Feds stomp on Red Hat

Feds stomp on Red Hat

Summary: A senior federal official has rebuked Linux vendor Red Hat over its criticism of the government's open-source software (OSS) takeup rate, arguing a measured approach may be "the right thing to do".Patrick Callioni, division manager at the Australian Government Information Management Office (AGIMO), took issue today with comments by Red Hat Asia Pacific vice president Gus Robertson that agencies were up to three years behind their overseas counterparts in embracing open-source software.

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A senior federal official has rebuked Linux vendor Red Hat over its criticism of the government's open-source software (OSS) takeup rate, arguing a measured approach may be "the right thing to do".

Patrick Callioni, division manager at the Australian Government Information Management Office (AGIMO), took issue today with comments by Red Hat Asia Pacific vice president Gus Robertson that agencies were up to three years behind their overseas counterparts in embracing open-source software.

"So what?," Callioni said. "It could be that governments have been slow because it might not have been the right thing to do," he told participants at the Australian Unix User Group's Open Computing in Government conference in Canberra.

"Don't judge the government on whether it uses more or less of something," he advised the company, "judge it on the value of the services it provides."

Callioni also took aim at the effectiveness of legislation mooted in jurisdictions such as South Australia and the Australian Capital Territory to mandate the consideration of OSS by government agencies.

"I would challenge governments that have enacted legislation to show any impact of that legislation," he said.

He said Australia had a shortfall of people with the capability of supporting commercial implementations of OSS.

There were only 300 to 400 small to medium enterprises in Australia that specialise in OSS, Callioni claimed. Of these, over 90 percent had less than five staff, some had around 30 employees, and few had more than 100 workers, he added.

Callioni told the audience that these companies made up a relatively small domestic industry, although it was considerably fluid and flexible.

Topics: Government, Government AU, Linux, Open Source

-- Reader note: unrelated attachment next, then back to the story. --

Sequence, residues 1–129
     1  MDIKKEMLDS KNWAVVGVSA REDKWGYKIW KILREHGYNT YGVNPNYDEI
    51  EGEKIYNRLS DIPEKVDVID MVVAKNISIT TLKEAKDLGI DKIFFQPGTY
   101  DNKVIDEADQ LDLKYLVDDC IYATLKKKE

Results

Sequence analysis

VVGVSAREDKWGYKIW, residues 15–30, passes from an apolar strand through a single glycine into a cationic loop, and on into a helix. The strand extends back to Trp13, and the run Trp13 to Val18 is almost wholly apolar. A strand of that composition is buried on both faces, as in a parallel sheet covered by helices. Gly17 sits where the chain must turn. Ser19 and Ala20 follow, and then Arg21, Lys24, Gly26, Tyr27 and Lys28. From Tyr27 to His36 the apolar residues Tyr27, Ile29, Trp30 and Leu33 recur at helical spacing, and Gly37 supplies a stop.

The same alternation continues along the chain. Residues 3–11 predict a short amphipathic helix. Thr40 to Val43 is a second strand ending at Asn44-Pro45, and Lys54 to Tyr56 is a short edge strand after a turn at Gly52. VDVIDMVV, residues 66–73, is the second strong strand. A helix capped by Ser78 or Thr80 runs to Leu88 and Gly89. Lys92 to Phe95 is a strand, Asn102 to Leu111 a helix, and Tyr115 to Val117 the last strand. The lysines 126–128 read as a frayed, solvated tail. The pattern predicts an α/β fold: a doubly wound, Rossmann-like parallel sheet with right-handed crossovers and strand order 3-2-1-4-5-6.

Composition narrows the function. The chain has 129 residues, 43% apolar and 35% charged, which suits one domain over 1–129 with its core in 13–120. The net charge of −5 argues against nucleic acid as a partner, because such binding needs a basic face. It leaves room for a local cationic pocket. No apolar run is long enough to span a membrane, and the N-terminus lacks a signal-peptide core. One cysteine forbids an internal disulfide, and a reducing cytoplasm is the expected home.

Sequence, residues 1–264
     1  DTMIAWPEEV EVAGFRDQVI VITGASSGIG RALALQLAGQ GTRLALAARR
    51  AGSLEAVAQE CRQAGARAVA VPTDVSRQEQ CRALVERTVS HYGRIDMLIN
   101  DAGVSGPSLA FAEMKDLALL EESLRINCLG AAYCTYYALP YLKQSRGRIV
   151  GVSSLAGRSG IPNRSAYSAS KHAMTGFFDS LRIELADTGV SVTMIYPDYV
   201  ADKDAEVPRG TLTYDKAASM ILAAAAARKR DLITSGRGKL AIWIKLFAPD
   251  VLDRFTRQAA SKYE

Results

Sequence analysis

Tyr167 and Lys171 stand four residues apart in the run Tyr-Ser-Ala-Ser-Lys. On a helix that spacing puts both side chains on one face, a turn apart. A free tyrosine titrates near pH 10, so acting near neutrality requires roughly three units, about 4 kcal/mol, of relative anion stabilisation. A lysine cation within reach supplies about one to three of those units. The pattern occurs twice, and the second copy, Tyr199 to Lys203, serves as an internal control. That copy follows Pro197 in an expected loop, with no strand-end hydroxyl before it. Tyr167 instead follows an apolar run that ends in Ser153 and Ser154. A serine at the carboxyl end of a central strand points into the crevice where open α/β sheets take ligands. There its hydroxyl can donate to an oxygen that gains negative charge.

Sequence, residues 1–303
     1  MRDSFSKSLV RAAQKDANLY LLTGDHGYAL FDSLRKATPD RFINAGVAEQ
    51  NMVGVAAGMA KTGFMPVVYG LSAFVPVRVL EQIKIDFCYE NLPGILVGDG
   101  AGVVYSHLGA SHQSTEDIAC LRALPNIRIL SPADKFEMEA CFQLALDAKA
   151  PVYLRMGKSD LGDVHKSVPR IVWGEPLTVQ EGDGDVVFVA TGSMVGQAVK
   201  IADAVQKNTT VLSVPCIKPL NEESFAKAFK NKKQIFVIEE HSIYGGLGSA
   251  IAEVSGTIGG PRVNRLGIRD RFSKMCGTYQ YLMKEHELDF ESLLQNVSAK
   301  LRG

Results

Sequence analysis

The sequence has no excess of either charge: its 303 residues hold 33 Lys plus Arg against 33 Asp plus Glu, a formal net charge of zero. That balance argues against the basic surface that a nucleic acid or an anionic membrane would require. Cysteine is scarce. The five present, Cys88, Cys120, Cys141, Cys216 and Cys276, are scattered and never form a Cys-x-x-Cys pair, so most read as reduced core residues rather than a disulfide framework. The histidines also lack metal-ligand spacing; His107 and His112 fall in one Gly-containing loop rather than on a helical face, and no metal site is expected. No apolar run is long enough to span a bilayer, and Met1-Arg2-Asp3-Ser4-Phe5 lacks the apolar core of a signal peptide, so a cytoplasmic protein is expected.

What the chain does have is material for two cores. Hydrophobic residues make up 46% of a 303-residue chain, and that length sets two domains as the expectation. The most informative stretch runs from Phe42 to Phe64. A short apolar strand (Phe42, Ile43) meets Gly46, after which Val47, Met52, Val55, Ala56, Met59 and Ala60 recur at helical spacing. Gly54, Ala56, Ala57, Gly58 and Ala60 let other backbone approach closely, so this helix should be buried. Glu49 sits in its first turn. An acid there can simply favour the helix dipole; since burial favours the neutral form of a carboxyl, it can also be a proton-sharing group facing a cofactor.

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4 comments
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  • It is a shame that OSS hasn't taken off in Oz but then again we've the M$ foot shoved down our throats so long its hard to get the surgen to remove it. I work in a Nursing Home as the sole IT staff member. When i started we had a constantly failing, expensive M$ network, a crash everyday, licenses for each machine - nightmare. Since then i've put in a linux firewall, linux file server, linux print server and linux intranet server and all have served very well, so well in fact that when i tell people that my uptime record is 1 year 2 months and 2 weeks they don't believe me until i mention its a linux box. Productivity is up, data loss is at an all time low, IT reliability is up and more importantly i don't have to spend a good portion of my day attending to server crashes. All this would not have been possible if we'd had to fork out for M$ licenses for each server and for the software to run the specific operations.

    As a bonus i gained a huge amount of skill in linux configuration and maintenance which i've found i can apply, in principal, to non OSS systems when the need arises.
    anonymous
  • So Cy Harrild - i take it your systems haven't been upgraded since upgrading them would require you to bring them down - I think a few security vunerabilites have been found in the kernel since you last had them 'down' ;)
    anonymous
  • My MS servers - all 4 of them - have never been 'down' ever since I installed them - and with the latest patches - just need people that KNOW what they are doign at the helm. Leave computers to the experts!!
    anonymous
  • I'm ****uming the government is waiting for the overseas outsourcers they favour to provide OSS support before they do anything.

    While this attitude prevails we will never have a viable IT industry here
    anonymous